Quantcast
Connect with us

Pot use among seniors rises

Published

on

MIAMI — In her 88 years, Florence Siegel has learned how to relax: A glass of red wine. A crisp copy of The New York Times, if she can wrest it from her husband. Some classical music, preferably Bach. And every night like clockwork, she lifts a pipe to her lips and smokes marijuana.

Long a fixture among young people, use of the country’s most popular illicit drug is now growing among the AARP set, as the massive generation of baby boomers who came of age in the 1960s and ’70s grows older.

ADVERTISEMENT

The number of people aged 50 and older reporting marijuana use in the prior year went up from 1.9 percent to 2.9 percent from 2002 to 2008, according to surveys from the Substance Abuse and Mental Health Services Administration.

The rise was most dramatic among 55- to 59-year-olds, whose reported marijuana use more than tripled from 1.6 percent in 2002 to 5.1 percent.

Observers expect further increases as 78 million boomers born between 1945 and 1964 age. For many boomers, the drug never held the stigma it did for previous generations, and they tried it decades ago.

Some have used it ever since, while others are revisiting the habit in retirement, either for recreation or as a way to cope with the aches and pains of aging.

ADVERTISEMENT

Siegel walks with a cane and has arthritis in her back and legs. She finds marijuana has helped her sleep better than pills ever did. And she can’t figure out why everyone her age isn’t sharing a joint, too.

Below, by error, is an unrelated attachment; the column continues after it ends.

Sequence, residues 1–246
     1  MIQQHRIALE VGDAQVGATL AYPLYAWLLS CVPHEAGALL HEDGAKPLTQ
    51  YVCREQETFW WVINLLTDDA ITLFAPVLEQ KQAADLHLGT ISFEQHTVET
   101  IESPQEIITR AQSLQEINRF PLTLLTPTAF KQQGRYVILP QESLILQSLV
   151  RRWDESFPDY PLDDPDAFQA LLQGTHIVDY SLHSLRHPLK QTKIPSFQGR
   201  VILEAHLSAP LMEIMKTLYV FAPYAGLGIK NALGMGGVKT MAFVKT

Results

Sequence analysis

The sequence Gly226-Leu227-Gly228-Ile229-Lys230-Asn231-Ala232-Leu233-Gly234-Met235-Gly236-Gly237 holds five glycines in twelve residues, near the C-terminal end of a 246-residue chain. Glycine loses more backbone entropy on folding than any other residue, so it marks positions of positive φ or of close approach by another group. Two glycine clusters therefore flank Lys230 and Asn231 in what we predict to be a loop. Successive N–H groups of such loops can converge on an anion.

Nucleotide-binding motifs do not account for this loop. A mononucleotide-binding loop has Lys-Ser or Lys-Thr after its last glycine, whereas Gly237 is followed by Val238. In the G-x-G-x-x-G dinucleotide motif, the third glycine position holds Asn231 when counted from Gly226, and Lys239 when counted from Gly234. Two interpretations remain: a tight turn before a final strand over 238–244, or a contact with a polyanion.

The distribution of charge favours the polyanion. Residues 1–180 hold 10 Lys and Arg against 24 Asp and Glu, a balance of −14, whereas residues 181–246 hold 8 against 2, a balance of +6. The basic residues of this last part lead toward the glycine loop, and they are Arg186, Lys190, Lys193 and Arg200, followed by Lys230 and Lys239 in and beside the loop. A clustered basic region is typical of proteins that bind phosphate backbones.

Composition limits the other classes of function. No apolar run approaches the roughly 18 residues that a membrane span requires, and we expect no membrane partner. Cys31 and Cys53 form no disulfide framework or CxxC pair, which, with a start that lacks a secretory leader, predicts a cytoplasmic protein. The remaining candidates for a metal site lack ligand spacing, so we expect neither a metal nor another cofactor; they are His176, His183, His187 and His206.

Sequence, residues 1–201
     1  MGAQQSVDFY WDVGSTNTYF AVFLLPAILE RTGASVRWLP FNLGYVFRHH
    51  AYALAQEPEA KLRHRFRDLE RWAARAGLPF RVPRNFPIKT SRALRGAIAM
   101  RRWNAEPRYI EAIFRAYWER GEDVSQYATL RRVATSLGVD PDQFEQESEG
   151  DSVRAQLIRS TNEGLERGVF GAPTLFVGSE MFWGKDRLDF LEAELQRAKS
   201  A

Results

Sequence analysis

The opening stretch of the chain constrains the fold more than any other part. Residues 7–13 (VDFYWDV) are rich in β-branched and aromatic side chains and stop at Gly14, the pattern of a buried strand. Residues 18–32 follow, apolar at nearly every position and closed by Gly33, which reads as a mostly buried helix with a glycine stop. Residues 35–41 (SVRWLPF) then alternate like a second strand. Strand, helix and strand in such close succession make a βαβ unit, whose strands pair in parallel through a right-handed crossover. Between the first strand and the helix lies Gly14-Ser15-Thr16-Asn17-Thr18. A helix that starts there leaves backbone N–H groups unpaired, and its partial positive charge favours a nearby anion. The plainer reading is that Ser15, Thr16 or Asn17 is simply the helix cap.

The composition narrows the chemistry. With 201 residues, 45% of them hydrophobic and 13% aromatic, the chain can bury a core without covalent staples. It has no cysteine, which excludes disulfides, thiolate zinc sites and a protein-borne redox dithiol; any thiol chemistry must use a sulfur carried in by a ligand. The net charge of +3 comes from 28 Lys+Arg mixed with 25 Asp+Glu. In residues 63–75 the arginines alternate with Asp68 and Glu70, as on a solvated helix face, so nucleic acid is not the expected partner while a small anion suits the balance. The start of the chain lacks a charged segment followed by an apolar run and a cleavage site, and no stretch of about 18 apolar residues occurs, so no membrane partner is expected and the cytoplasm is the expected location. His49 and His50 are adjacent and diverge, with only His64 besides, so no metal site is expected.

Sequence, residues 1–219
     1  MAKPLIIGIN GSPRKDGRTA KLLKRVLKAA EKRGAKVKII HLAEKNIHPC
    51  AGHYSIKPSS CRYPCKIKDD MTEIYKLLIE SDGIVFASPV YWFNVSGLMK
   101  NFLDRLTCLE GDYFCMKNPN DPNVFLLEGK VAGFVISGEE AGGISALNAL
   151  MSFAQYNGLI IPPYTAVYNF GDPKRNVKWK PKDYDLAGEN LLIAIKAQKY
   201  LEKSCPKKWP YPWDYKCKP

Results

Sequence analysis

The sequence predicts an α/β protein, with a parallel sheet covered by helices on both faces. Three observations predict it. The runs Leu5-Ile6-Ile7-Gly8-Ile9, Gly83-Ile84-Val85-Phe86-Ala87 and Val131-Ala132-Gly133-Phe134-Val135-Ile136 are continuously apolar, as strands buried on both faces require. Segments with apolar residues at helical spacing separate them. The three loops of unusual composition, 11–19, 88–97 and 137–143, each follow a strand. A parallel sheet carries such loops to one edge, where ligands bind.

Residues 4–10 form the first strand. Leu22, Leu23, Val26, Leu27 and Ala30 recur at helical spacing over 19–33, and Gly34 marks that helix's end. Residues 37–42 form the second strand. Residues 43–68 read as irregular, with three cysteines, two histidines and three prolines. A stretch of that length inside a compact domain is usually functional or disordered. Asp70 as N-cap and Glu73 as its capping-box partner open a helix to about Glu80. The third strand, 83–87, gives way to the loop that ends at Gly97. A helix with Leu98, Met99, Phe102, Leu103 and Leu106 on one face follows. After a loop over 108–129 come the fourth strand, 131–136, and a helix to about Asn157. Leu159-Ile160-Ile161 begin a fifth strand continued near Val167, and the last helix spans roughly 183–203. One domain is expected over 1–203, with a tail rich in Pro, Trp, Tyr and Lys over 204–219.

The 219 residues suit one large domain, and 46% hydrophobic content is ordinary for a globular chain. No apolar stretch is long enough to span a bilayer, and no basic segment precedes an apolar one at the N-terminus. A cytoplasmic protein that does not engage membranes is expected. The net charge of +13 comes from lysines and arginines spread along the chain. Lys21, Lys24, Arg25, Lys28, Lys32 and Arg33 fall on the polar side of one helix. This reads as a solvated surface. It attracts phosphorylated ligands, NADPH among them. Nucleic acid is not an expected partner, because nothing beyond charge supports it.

“They’re missing a lot of fun and a lot of relief,” she said.

Politically, advocates for legalizing marijuana say the number of older users could represent an important shift in their decades-long push to change the laws.

ADVERTISEMENT

“For the longest time, our political opponents were older Americans who were not familiar with marijuana and had lived through the ‘Reefer Madness’ mentality and they considered marijuana a very dangerous drug,” said Keith Stroup, the founder and lawyer of NORML, a marijuana advocacy group.

“Now, whether they resume the habit of smoking or whether they simply understand that it’s no big deal and that it shouldn’t be a crime, in large numbers they’re on our side of the issue.”

Each night, 66-year-old Stroup says he sits down to the evening news, pours himself a glass of wine and rolls a joint. He’s used the drug since he was a freshman at Georgetown, but many older adults are revisiting marijuana after years away.

ADVERTISEMENT

“The kids are grown, they’re out of school, you’ve got time on your hands and frankly it’s a time when you can really enjoy marijuana,” Stroup said. “Food tastes better, music sounds better, sex is more enjoyable.”

The drug is credited with relieving many problems of aging: aches and pains, glaucoma, macular degeneration, and so on. Patients in 14 states enjoy medical marijuana laws, but those elsewhere buy or grow the drug illegally to ease their conditions.

Among them is Perry Parks, 67, of Rockingham, N.C., a retired Army pilot who suffered crippling pain from degenerative disc disease and arthritis. He had tried all sorts of drugs, from Vioxx to epidural steroids, but found little success. About two years ago he turned to marijuana, which he first had tried in college, and was amazed how well it worked for the pain.

ADVERTISEMENT

“I realized I could get by without the narcotics,” Parks said, referring to prescription painkillers. “I am essentially pain free.”

But there’s also the risk that health problems already faced by older people can be exacerbated by regular marijuana use.

Older users could be at risk for falls if they become dizzy, smoking it increases the risk of heart disease and it can cause congnitive impairment, said Dr. William Dale, chief of geriatrics and palliative medicine at the University of Chicago Medical Center.